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[7] And, whereas he was bound to purchase at Athens a cargo worth one hundred and fifteen minae,1 if he was to perform for all his creditors what was written in their agreements, he purchased only a cargo worth five thousand five hundred drachmae, including the provisions; while his debts were seventy-five minae. This was the beginning of his fraud, men of Athens; he neither furnished security, nor put the goods on board the ship, although the agreement absolutely bade him do so.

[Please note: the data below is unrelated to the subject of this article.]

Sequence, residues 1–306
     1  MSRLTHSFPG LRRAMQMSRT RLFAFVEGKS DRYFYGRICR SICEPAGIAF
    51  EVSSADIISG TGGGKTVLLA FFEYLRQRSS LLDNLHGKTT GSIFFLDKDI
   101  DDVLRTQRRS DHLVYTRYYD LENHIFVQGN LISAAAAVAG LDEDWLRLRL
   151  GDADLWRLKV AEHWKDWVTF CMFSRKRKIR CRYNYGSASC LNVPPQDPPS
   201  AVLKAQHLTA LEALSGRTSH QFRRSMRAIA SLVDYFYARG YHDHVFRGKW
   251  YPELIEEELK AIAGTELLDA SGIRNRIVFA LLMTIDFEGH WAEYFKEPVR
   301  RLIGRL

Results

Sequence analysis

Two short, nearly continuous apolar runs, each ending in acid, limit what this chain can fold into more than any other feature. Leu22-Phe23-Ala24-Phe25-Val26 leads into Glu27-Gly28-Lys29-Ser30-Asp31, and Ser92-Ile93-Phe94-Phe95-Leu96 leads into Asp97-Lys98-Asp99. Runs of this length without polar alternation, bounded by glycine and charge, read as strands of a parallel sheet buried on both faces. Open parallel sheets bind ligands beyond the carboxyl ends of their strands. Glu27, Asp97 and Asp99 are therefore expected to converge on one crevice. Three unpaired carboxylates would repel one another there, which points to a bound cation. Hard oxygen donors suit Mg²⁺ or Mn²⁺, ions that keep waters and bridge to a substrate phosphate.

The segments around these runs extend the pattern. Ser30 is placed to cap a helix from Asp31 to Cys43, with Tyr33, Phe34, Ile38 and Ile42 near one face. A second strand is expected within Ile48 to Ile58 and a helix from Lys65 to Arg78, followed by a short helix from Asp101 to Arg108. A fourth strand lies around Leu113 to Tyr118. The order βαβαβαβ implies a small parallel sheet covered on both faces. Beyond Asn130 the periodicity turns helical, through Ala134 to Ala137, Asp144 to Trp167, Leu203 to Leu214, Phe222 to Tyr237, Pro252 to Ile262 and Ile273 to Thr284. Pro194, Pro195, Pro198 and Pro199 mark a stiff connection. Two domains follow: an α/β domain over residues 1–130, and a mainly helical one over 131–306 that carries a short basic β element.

Take the agreement, please.“ Agreement

Now take also the entry made by the customs-officers and the depositions.“ Entry of the Customs ”“ Depositions

1 If the loans were all made on the same basis (i.e. on the security of goods of a value twice as great as the loan) we should have to read one hundred and fifty instead of one hundred and fifteen, as the combined loans amounted to seventy-five minae. It is possible, however, that Theodorus and Lampis, whose loans were for the outward voyage only, and who sailed with Phormio, accepted a lower rate than that demanded by Chrysippus and his partner, who remained in Athens.

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